September 22, 2010

A law of nature

Charles Darwin's ideas of evolution by means of natural selection were first taken up (with many misunderstandings) by those on the political right. Part of the reason for this was that early expositions of Darwinism emphasized competition. It would take a while for evolutionary biologists to look at the other side of the equation by investigating cooperation and altruism.

More to the point, in the Gilded Age, robber barons and financial aristocrats found in them a great rationalization for their own wealth and power.

Steel magnate Andrew Carnegie wrote that while capitalist competition may harm some individuals, "it is best for the race, because it insures the survival of the fittest in every department."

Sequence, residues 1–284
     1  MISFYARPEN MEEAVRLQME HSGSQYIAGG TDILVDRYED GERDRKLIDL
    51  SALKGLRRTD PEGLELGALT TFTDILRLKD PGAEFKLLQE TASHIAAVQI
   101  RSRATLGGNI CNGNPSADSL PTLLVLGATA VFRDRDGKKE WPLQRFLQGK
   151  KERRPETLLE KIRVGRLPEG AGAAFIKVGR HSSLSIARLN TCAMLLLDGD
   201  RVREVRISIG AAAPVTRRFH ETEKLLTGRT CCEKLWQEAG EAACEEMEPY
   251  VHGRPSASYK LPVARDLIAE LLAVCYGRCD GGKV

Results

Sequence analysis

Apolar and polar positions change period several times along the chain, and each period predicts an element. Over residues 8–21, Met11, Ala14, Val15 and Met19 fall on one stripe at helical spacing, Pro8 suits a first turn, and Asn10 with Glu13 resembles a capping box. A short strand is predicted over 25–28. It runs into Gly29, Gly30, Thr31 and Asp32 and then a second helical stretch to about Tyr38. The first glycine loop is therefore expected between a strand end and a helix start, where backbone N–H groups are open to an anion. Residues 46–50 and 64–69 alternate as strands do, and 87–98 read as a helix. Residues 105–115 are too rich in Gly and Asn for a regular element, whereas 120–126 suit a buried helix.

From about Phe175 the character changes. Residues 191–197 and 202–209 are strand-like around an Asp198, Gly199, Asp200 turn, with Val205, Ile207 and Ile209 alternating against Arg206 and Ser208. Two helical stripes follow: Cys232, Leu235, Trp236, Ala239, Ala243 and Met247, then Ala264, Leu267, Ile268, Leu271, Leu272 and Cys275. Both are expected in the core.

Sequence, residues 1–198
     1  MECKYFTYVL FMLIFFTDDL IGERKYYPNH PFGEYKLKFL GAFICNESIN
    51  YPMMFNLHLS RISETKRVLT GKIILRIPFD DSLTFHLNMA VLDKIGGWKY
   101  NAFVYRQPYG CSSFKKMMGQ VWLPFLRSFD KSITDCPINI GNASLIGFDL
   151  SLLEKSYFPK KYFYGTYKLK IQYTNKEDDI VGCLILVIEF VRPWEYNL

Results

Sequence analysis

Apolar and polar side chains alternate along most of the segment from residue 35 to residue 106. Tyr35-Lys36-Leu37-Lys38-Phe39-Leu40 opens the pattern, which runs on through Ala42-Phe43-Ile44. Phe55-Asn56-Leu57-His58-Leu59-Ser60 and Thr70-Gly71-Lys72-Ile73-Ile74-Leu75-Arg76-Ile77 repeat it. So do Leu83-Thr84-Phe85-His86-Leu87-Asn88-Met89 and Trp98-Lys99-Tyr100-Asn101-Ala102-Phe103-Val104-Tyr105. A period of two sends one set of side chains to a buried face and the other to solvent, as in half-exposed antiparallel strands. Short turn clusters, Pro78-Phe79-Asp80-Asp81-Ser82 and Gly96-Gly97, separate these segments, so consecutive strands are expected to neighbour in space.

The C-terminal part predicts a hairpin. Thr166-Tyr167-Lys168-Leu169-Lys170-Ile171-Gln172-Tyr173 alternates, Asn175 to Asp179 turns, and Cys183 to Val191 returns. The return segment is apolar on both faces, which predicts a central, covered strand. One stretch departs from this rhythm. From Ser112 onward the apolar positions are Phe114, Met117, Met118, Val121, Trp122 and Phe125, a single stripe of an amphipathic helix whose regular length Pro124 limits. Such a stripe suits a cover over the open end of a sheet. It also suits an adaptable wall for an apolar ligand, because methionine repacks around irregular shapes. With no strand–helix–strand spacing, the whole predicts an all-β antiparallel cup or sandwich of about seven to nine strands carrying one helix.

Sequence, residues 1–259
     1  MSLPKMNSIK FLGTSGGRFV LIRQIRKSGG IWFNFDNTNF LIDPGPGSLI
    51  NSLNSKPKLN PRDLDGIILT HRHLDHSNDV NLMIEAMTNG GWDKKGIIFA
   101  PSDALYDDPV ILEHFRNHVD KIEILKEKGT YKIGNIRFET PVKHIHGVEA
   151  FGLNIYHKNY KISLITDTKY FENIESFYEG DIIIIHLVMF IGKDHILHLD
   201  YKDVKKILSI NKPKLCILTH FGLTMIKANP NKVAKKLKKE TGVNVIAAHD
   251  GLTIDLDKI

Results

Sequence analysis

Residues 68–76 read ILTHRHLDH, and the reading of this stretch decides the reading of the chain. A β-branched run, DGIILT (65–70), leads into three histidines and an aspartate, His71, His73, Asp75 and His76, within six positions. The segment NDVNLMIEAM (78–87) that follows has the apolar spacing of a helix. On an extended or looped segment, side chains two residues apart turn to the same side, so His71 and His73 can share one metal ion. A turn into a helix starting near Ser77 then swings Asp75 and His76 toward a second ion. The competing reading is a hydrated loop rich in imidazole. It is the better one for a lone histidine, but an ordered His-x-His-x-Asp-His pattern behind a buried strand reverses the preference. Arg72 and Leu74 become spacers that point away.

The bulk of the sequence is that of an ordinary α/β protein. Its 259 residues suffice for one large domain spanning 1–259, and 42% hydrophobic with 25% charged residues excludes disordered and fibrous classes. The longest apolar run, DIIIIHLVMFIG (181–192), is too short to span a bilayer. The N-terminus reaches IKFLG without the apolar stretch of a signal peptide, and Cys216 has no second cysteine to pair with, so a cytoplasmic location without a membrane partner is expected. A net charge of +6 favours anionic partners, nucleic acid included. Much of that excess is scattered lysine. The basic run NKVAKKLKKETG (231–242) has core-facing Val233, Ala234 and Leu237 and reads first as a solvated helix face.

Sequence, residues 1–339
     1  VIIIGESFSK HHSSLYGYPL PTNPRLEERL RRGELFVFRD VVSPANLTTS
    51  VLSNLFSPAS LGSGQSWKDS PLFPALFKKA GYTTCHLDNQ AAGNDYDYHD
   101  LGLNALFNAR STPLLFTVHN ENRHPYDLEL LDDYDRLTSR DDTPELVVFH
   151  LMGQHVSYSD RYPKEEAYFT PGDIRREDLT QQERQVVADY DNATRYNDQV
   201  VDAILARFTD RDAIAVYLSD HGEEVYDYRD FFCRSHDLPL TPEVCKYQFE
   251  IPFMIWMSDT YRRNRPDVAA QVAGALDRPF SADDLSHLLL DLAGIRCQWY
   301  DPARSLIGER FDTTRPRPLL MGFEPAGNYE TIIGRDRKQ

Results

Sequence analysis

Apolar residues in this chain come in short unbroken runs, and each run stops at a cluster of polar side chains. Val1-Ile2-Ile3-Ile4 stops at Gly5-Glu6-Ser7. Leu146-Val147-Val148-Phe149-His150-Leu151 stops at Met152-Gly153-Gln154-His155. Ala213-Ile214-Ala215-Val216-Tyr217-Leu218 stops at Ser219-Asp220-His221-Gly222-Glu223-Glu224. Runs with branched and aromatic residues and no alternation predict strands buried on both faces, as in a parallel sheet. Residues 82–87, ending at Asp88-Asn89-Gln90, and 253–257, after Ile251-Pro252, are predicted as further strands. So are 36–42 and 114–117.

(That phrase "survival of the fittest," by the way, has its origin in the writings of British philosopher Herbert Spencer rather than Darwin himself.)

In a similar vein, John D. Rockefeller Jr. wrote that

The growth of large business is merely a survival of the fittest...This is not an evil tendency in business. It is merely the working our of a law of nature and a law of God.

As the Church Lady would say on the old Saturday Night Live, "Isn't that convenient?"

SPEAKING OF EVOLUTION, this article suggests that our relationships with animals helped make us human.

FORECLOSURES. Here's Dean Baker and what the government could do about the foreclosure crisis but isn't (so far).

FUN LIST. From The Nation, here's a list of the 50 most influential progressive leaders of the 20th century.

CHARLOTTE'S WEB ON STEROIDS. A spider in Madagascar weaves the world's biggest webs with the toughest natural material yet discovered.


No comments: